But no such markings or ashrams were formed in the Kaladi which was propagated as his birthplace.
Even though Sankara was against all caste systems, in later years his name was used extensively by the Brahmins of Kerala for establishing caste system in Kerala.
Kingdom of Venad
Venad was a kingdom in the southwest tip of Kerala, which acted as a buffer between Cheras and Pandyas.
Until the end of the 11th century, it was a small principality in the Ay Kingdom.
The Ays were the earliest ruling dynasty in southern Kerala, who, at their zenith, ruled over a region from Nagercoil in the south to Thiruvananthapuram in the north.
Their capital was at Kollam.
A series of attacks by the Pandyas between the 7th and 8th centuries caused the decline of Ays although the dynasty remained powerful until the beginning of the 10th century.
When Ay power diminished, Venad became the southernmost principality of the Second Chera Kingdom Invasion of Cholas into Venad caused the destruction of Kollam in 1096.
However, the Chera capital, Mahodayapuram, fell in the subsequent attack, which compelled the Chera king, Rama varma Kulasekara, to shift his capital to Kollam.
Thus, Rama Varma Kulasekara, the last emperor of the Chera dynasty, is probably the founder of the Venad royal house, and the title of Chera kings, Kulasekara, was thenceforth adopted by the rulers of Venad. The end of the Second Chera dynasty in the 12th century marks the independence of the Venad.
The Venadu King then also was known as Venadu Mooppil Nayar.
In the second half of the 12th century, two branches of the Ay Dynasty:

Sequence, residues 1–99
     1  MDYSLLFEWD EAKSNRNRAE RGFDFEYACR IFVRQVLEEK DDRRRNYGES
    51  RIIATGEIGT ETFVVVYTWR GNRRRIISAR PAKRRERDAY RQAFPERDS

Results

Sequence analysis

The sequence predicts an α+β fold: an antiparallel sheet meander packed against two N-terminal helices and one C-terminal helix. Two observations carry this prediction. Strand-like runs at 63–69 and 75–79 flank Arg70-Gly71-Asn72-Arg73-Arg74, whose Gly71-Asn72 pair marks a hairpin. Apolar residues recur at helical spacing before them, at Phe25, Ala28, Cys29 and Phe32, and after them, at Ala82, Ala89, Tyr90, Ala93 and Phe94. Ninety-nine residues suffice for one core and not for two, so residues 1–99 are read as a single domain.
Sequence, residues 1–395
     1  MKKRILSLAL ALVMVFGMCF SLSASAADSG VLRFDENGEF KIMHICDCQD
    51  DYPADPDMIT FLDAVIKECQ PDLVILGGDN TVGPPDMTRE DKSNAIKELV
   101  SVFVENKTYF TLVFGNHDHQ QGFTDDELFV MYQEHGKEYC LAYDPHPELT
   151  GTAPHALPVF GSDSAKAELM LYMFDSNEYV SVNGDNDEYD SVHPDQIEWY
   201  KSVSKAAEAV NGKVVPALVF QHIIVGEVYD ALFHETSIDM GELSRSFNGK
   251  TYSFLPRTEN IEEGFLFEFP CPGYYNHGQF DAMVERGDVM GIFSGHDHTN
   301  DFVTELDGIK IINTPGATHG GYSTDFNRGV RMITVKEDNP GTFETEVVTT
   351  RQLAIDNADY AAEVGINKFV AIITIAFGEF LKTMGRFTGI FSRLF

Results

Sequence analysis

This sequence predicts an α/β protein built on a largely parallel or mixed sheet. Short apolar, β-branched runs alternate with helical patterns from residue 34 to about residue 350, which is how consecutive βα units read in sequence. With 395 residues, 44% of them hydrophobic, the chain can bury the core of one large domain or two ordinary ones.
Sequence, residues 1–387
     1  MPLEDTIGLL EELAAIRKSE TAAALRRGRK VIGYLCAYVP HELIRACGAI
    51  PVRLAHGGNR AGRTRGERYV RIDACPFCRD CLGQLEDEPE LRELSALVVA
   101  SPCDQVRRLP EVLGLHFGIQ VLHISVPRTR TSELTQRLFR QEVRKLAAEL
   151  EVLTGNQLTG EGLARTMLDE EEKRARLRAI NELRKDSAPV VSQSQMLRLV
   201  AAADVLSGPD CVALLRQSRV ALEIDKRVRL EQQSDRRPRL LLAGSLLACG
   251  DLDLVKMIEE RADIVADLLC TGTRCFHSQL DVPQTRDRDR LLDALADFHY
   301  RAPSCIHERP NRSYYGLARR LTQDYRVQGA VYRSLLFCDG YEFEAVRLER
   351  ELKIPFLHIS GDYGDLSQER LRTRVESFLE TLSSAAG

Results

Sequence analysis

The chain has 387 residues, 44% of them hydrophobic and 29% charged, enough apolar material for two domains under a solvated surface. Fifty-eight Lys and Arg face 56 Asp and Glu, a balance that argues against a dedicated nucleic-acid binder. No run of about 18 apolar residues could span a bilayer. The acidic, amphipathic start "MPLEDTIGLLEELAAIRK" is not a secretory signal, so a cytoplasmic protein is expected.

Thrippappur and Chirava, merged into the Venad family and established the tradition of designating the ruler of Venad as Chirava Moopan and the heir-apparent as Thrippappur Moopan.
While Chrirava Moopan had his residence at Kollam, the Thrippappur Moopan resided at his palace in Thrippappur, 9 miles (14 km) north of Thiruvananthapuram, and was vested with the authority over the temples of Venad kingdom, especially the Sri Padmanabhaswamy temple.
The most powerful kingdom of Kerala during the colonial period, Travancore, was developed through the expansion of Venad by Mahahrajah Marthanda Varma, a member of the Thrippappur branch of the Ay Dynasty who ascended to the throne in the 18th century.
Kingdom of Kozhikode
Historical records regarding the origin of the Samoothiri of Kozhikode is obscure. However, its generally agreed that the Samoothiri were originally the Nairs chieftains of Eralnadu region of the Later Chera Kingdom and were known as the Eradis.
Eralnadu province was situated in the northern parts of present-day Malappuram district and was landlocked by the Valluvanad and Polanadu in the west.
Legends such as The Origin of Kerala tell the establishment of a local ruling family at Nediyiruppu, near present-day Kondotty by two young brothers belonging to the Eradi clan.
The brothers, Manikkan and Vikraman were the most trusted generals in the army of the Cheras.
M.G.S. Narayanan, a Kerala-based historian, in his book, Calicut: The City of Truth states that the Eradi was a favourite of the last Later Chera king and granted him, as a mark of favor, a small tract of land on the sea-coast in addition to his hereditary possessions (Eralnadu province).
Eradis subsequently moved their capital to the coastal marshy lands and established the kingdom of Kozhikode
They later assumed the title of Samudrāthiri (“one who has the sea for his border”) and continued to rule from Kozhikode.
Samoothiri allied with Muslim Arab and Chinese merchants and used most of the wealth from Kozhikode to develop his military power.
They became the most powerful king in the Malayalam speaking regions during the Middle Ages.
In the 14th century, Kozhikode conquered large parts of central Kerala, which was under the control of the king of Kingdom of Kochi.
He was forced to shift his capital (c. CE 1405) further south. In the 15th century, Kochi was reduced in to a vassal state of Kozhikode.